Monday, July 08, 2013

Quaker Alphabet blog Week 27 - N for Henry Stanley Newman

Henry Stanley Newman in 1870
Henry Newman was born in Liverpool in 1837, the only son of Josiah Newman and Harriet Wood. Henry was educated at Bootham School in York and his mother died when he was 14. His father set up a grocery business in Leominster, Herefordshire and Henry began to work there in 1858. He married Mary Ann Pumphry in 1863 and they had six children, three girls and three boys. After his marriage Henry adopted the name Stanley to distinguish himself from his uncle. 

Henry was a constant and active attender of Quaker meetings for discipline. He was universally known at Yearly Meeting and was clerk of his Monthly Meeting for over twenty years. He was recorded as a minister in 1869 and took a large part in the series of Tent (or Mission) meetings held in the district which led to the rapid growth of Leominster and surrounding meetings. He was aware of the changes taking place in the Society of Friends in his time with a growth in numbers of convinced, sometimes working class, members and the falling away of the sons and daughters of old Quaker families. He was concerned that these new members should be educated in Quakerism and welcomed moves to broaden the appeal of the Society, like the Manchester conference of 1895 as helpful.

Henry Stanley Newman in later life
Although Henry lived in the same small town for most of his life he was engaged with the wider world. He was much involved in mission world-wide as well as locally and was secretary for many years of the Friends Foreign Mission Association. He faithfully attended meetings in London even though this meant a five hour train journey from Leominster. He also travelled farther afield and visited missions in India in 1880-1881 and Pemba in 1897. From 1888 to 1890 he travelled in America visiting all the Yearly Meetings, both Orthodox and Hicksite.

Henry was also very involved with local causes. He was one of the founders of Leominster Adult School and was leader of the Leominster Men's School for 54 years. In 1869 he founded the Leominster Orphan Homes in two houses under one roof in Ryelands Road, one for boys and one for girls, with a total capacity of about 40. Orphans under the age of ten were admitted irrespective of creed, cared for and educated to be useful members of society.

Orphans Printing Press in Leominster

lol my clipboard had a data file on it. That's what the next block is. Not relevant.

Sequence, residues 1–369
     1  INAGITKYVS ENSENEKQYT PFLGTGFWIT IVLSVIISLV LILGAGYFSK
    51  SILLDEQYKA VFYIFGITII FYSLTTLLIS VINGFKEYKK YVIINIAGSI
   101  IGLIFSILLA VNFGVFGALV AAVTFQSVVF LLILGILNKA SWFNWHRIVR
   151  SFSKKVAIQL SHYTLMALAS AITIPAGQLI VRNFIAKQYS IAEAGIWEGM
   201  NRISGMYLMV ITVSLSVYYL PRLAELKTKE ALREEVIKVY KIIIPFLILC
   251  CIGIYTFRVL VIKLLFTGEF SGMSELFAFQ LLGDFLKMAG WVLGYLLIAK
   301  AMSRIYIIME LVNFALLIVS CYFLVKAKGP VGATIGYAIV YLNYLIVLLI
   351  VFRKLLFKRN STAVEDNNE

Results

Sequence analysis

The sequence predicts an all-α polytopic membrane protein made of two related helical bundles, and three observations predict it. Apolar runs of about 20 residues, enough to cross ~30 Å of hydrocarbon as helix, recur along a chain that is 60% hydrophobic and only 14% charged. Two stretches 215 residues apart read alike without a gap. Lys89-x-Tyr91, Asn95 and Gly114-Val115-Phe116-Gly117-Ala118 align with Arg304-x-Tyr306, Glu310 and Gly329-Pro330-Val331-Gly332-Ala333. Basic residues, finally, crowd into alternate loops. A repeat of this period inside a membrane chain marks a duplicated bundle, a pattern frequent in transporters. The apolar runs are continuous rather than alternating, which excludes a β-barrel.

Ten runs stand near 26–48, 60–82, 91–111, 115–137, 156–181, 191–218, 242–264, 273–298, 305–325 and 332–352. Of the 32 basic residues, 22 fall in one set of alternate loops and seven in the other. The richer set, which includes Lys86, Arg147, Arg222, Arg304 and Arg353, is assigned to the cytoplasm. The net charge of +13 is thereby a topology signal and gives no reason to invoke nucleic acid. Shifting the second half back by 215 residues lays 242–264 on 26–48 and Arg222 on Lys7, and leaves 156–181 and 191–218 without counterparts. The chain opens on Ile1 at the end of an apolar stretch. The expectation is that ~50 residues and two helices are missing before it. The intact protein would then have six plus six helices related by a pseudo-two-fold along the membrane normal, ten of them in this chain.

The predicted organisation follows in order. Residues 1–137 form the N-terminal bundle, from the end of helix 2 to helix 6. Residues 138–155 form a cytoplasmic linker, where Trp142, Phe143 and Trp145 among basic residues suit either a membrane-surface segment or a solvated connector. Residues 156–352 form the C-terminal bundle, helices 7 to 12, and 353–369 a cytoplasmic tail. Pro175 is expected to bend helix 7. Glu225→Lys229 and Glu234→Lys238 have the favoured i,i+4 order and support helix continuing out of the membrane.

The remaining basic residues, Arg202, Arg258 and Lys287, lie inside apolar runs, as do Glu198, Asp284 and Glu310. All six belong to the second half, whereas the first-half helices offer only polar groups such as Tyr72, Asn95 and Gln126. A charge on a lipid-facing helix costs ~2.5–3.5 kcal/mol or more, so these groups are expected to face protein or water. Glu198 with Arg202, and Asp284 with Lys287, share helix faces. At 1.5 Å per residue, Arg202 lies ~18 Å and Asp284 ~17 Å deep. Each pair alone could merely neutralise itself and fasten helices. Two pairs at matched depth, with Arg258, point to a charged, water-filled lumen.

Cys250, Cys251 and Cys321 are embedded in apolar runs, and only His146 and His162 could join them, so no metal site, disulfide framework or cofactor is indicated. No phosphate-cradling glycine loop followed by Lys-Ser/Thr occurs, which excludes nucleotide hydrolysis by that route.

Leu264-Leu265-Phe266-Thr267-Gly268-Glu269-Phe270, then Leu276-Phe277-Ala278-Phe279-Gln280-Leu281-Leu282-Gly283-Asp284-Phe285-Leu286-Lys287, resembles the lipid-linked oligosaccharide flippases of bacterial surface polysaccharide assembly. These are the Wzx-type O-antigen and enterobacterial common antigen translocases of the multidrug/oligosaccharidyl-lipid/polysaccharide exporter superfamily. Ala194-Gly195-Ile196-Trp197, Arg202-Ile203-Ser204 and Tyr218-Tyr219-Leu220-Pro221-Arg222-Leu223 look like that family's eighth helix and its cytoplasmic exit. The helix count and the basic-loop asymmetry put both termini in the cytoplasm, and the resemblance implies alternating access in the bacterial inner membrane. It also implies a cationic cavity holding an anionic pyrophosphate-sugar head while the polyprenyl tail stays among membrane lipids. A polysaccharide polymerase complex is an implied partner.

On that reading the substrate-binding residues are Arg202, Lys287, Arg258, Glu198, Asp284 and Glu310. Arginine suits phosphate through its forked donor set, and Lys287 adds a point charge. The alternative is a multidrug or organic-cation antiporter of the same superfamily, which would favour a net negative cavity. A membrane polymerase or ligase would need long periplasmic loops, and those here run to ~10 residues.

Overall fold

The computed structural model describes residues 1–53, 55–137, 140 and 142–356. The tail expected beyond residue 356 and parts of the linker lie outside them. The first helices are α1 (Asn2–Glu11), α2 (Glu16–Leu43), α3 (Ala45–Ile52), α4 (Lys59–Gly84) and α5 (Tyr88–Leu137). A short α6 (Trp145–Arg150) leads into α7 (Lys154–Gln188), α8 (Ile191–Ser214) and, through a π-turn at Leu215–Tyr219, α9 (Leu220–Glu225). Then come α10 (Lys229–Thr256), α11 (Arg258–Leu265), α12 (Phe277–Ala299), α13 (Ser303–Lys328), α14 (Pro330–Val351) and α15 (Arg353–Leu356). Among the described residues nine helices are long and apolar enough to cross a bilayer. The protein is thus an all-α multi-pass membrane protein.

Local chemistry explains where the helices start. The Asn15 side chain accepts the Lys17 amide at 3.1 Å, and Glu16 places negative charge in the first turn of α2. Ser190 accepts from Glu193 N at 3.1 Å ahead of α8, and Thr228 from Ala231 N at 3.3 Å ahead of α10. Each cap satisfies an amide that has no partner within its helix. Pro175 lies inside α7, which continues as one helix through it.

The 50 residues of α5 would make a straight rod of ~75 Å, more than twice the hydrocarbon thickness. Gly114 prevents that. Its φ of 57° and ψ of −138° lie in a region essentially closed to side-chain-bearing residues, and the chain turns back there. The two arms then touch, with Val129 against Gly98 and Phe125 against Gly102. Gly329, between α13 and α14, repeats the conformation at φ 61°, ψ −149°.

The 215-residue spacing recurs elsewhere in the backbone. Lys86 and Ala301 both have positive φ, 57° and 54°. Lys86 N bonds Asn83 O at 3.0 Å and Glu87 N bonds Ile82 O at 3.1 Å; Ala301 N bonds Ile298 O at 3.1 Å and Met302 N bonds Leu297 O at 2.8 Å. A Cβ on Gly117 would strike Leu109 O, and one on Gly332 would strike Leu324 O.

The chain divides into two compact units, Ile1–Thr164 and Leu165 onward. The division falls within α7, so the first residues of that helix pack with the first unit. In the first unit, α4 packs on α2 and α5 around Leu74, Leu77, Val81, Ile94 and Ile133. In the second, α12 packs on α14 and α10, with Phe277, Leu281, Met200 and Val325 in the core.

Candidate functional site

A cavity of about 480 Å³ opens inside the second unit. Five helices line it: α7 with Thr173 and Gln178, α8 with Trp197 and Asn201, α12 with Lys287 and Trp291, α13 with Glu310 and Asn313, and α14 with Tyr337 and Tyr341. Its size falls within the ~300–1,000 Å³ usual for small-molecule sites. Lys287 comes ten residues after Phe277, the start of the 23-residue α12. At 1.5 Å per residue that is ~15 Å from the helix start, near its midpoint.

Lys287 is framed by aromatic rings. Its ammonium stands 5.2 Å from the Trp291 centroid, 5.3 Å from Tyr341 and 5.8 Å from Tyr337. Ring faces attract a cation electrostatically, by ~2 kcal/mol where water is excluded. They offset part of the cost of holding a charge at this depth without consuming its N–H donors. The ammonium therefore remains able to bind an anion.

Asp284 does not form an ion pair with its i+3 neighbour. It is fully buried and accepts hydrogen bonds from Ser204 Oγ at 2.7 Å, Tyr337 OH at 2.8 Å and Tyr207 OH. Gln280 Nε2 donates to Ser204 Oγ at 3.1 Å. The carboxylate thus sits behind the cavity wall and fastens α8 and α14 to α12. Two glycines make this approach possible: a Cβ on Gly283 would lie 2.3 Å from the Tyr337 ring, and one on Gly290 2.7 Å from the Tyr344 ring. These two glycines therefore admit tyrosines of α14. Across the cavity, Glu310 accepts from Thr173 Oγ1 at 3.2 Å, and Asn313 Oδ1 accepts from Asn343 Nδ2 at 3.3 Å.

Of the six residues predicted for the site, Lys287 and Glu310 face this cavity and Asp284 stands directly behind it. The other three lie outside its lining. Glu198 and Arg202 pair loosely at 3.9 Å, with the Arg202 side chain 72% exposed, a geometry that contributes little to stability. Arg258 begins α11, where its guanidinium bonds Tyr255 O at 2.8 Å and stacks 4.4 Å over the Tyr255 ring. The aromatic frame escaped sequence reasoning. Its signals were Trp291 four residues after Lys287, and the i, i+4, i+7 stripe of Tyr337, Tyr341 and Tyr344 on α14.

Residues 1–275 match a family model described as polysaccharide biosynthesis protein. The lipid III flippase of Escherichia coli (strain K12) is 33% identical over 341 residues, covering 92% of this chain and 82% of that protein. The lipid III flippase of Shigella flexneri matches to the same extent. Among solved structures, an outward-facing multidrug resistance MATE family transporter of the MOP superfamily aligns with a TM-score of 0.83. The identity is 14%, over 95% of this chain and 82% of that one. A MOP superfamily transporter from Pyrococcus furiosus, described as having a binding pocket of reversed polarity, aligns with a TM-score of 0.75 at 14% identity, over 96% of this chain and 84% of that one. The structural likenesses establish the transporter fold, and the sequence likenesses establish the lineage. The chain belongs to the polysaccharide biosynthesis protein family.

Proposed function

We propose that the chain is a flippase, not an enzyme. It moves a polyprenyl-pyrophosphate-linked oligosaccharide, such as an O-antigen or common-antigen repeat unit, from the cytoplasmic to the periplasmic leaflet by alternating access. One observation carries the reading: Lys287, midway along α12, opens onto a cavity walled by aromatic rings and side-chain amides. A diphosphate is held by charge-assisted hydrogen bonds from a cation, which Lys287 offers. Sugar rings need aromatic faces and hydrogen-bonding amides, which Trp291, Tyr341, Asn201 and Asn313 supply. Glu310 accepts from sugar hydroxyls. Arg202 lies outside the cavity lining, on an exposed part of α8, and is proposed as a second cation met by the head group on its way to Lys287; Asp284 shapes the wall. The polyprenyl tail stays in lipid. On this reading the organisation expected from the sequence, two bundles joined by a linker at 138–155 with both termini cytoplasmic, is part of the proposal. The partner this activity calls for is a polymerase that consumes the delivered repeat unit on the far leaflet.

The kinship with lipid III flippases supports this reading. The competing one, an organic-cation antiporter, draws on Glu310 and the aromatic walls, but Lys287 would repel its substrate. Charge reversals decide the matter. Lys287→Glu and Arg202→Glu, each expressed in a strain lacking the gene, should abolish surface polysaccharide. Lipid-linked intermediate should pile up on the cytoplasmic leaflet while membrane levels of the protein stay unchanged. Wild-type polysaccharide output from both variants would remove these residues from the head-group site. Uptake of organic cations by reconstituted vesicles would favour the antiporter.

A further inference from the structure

In 1873 Henry established the Orphans Printing Press in Leominster with three aims - to generate money to support the Orphan Homes, to provide an industrial training for at least some of the orphans in its care and to publish materials which would act as a force for good. A gas powered press valued at £100 was installed and the children set to work for three hours each morning, continuing their lessons in the afternoon. By 1874 Henry noted that 'there seems to be a more healthy tone about them, now they feel they are earning their own bread and learning a useful trade'. Even when, in a few years, Parliament prohibited the employment of children, several of the orphans were employed by the printing press when they were old enough.

The Friend in 1901
In the later part of his life  Henry Stanley Newman was an enthusiastic and energetic editor of The Friend. He took up the post when he retired from business at the age of 54 in 1892, changed the journal from a monthly to a weekly publication and oversaw its printing in Leominster at the Orphans Printing Press. Although The Friend in his time certainly reflected his interests in mission and in education he was broad in his sympathies and his editorship helped to keep British Quakerism united during a critical period. He died, still editor of The Friend, in Leominster on 23rd October 1912 aged 75.


1 comment:

lugboy said...

Also deserving a mention is Henry's work against slavery in Zanzibar. He visited East Africa in 1897 with Theodore Burtt and wote an excellent book: "Banani; The Transition from Slavery to Freedom in Zanzibar and Pemba," which has several beautiful photos. Best Regards, Kevin Mannerings